Johnson was awarded the Compton-Miller medal as Man of the Series after taking 37 England wickets over the five Tests at an average of below 14.
There are few cricketers more enigmatic than the quietly spoken and introspective Queenslander, whose fortunes over his Test career have mirrored those of his country -- in his pomp from his debut in 2007 to 2009, with a steady decline and the occasional brilliant performance since.
Recalled for the current series after more than a year in the Test wilderness, he buried five years of ridicule from England fans at his sometimes erratic bowling with a barrage of deliveries in excess of 150 kilometres per hour.
For perhaps the first time since the retirement of Glenn McGrath, there was fear in the eyes of the English batsmen, particularly those of the tailenders.
"I hate to say I told you all so, but I told you all so," Clarke laughed.
"Man of the Series, who would have thought? Except me and perhaps Mitch.
"To be able to bowl at that pace is one thing, to do it for five Test matches, every single innings to be able to back it up is an amazing achievement.
"Mitchell's bowled a couple of spells in this series that are without doubt as good a spell as I've seen in my career. And I've been lucky enough to play with Glenn McGrath, Jason Gillespie, Brett Lee and Shane Warne.
"Mitch's spells certainly match the greats, if not better. He deserves all the credit he's received, he's copped a lot of criticism, he's been dropped from the team.
"No one in the world can doubt Mitchell Johnson's character ever again. He's as tough a cricketer as I've played with.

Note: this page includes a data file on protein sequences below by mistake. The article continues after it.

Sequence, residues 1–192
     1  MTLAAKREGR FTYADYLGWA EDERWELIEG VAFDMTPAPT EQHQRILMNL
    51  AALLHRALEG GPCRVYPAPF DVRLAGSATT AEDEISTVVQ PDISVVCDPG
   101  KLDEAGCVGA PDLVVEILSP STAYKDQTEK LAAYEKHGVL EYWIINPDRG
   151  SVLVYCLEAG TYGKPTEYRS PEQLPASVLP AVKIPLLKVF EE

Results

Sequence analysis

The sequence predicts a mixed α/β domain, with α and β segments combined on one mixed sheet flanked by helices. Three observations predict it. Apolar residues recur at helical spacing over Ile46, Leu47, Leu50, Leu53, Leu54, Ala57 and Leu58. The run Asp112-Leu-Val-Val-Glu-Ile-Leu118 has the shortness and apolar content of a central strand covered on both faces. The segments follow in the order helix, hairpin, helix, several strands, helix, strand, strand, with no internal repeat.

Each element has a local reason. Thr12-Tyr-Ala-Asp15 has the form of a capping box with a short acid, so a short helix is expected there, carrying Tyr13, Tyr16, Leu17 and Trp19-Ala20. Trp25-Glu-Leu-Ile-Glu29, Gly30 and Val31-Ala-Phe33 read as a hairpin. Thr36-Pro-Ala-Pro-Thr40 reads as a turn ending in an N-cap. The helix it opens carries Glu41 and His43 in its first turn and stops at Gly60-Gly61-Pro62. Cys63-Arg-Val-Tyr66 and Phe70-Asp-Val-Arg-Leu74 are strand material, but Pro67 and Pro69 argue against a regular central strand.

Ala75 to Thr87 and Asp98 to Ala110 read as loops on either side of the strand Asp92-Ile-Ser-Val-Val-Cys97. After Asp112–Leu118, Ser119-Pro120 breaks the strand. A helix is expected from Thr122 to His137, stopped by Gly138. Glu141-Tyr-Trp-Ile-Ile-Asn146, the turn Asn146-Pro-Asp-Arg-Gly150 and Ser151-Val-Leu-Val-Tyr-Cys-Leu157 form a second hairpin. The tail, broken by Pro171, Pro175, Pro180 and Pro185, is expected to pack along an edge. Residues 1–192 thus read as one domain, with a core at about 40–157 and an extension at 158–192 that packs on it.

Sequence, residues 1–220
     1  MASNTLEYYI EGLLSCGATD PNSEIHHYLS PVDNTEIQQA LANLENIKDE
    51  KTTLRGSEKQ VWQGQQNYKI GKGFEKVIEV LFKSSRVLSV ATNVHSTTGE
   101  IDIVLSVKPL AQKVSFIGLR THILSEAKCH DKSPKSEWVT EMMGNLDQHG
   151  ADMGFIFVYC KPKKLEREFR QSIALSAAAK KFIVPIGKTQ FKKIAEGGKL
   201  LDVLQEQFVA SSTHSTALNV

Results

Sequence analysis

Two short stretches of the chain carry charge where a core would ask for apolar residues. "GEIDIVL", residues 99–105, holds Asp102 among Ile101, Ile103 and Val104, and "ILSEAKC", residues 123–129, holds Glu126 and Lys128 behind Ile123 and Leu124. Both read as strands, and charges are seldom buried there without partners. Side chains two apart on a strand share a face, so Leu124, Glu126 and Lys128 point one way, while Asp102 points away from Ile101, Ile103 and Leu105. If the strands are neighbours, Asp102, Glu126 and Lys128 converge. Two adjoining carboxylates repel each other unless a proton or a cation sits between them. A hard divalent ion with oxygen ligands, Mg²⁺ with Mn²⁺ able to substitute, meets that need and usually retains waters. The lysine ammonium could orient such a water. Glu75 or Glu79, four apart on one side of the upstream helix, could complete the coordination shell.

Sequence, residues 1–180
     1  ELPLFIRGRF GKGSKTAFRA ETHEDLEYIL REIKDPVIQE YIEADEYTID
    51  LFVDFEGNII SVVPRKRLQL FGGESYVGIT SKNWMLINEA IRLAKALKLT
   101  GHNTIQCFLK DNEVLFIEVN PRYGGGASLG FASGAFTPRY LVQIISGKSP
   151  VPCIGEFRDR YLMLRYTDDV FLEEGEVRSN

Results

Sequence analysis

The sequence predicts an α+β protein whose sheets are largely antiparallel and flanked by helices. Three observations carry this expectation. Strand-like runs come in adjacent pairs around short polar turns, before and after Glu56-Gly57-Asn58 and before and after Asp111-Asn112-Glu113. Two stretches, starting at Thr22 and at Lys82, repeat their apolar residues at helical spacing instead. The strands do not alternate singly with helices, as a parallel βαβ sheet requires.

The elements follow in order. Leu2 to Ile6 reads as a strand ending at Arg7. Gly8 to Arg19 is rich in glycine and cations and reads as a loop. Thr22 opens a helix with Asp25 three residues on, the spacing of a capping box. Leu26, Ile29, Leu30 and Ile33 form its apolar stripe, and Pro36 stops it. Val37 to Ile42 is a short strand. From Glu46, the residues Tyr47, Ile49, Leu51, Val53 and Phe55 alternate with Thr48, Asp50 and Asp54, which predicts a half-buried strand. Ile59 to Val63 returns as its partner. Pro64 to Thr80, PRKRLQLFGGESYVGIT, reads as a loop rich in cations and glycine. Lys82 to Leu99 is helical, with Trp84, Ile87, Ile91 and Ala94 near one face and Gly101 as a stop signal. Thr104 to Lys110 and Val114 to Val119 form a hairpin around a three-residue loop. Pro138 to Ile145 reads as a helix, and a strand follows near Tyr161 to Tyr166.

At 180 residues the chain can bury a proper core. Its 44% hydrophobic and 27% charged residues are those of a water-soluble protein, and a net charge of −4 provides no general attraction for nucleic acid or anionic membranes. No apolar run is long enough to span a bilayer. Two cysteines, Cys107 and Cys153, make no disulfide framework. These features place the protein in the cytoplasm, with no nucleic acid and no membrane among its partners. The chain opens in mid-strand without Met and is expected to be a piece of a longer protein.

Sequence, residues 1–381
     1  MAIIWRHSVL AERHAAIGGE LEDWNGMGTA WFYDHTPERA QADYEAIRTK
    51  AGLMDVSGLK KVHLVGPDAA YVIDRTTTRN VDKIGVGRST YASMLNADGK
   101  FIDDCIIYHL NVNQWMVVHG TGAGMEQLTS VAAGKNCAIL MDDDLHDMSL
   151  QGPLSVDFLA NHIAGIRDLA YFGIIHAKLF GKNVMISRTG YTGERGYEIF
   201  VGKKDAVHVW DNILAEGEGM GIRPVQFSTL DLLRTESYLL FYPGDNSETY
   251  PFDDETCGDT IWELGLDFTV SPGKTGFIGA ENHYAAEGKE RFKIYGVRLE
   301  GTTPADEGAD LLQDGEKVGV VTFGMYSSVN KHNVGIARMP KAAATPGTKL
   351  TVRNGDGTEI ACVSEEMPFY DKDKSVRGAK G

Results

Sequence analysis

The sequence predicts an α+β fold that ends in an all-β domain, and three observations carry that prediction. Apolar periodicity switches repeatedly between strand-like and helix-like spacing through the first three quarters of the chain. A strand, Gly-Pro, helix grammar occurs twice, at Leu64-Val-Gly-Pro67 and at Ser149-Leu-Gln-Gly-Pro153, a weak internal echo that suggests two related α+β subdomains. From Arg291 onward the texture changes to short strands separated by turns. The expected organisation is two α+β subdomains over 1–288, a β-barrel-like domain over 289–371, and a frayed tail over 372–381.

"To be able to come back from the criticism he's copped, to be dropped at an older age and have the attitude and hunger to say 'no, I'm not going to give up', credit to him. He deserves the accolades."
Clarke, in his usual inclusive style, was quick to add that the sweep had been a triumph born in hard work from the whole Australian set-up, including back-room staff and even sponsors.
The Australia captain said the aggressive assault on England's lower order batsmen by Johnson and his fellow quicks, Peter Siddle and Sydney Man-of-the-Match Ryan Harris, had not come about by chance.
"We spoke at the start of the series and we had set plans for individual batters," he said.
"The moment numbers eight, nine 10, 11 walked in, we knew we were going to hit them as hard as we could with short stuff. We planned that before a ball was bowled in this series.
"It's easy to have plans but it takes skill and courage to execute it. I said to the boys at the start of the series that I thought they were the best attack in the world and I think they've shown that in five Test matches."
Johnson, still sporting the distinctive moustache he grew for charity in November but retained as a symbol of his rediscovered form, said he was glad it was all over.
"I'm absolutely exhausted now," said the 32-year-old. "It's a huge relief to finish the Test series."